Recent changes in access to contraceptive and infertility treatments in the state of Illinois, and across the United States more generally, have heightened class cleavages in access to reproductive health care benefits in the United States. Using data gleaned from government testimonies, public documents, and telephone interviews, the authors found that poor women have broad access to contraceptive coverage but very little access to infertility treatments, while working-and middle-class women have increasingly broad coverage of infertility treatments but spare coverage of contraceptives. These findings suggest that while the extreme measures of the eugenics movement are less frequently in evidence, class differences in access to reproductive services lead to an equally dualistic, albeit unstated, fertility policy in the United States: encouraging births among working-and middle-class families and discouraging births among the poor, particularly those on Medicaid.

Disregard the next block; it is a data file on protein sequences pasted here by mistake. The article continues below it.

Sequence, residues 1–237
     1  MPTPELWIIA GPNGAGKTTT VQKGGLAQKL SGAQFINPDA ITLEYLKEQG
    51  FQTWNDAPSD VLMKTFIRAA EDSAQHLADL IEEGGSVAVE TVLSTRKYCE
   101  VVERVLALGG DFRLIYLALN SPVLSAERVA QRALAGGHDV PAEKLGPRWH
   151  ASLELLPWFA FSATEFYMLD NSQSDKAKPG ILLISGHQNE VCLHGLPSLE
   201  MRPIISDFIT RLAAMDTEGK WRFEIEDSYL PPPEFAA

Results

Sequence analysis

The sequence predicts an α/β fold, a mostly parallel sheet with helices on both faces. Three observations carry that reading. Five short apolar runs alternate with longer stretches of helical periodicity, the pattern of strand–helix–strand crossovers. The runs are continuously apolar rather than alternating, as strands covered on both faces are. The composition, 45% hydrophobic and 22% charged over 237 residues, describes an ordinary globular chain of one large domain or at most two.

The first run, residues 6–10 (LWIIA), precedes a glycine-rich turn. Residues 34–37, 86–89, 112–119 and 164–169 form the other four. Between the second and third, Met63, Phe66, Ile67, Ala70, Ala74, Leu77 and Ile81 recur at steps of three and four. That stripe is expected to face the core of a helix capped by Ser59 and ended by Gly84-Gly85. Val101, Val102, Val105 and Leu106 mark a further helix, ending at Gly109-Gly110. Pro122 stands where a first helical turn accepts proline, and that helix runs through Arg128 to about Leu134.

ASJC Scopus subject areas
- Gender Studies
- Arts and Humanities (miscellaneous)
- Sociology and Political Science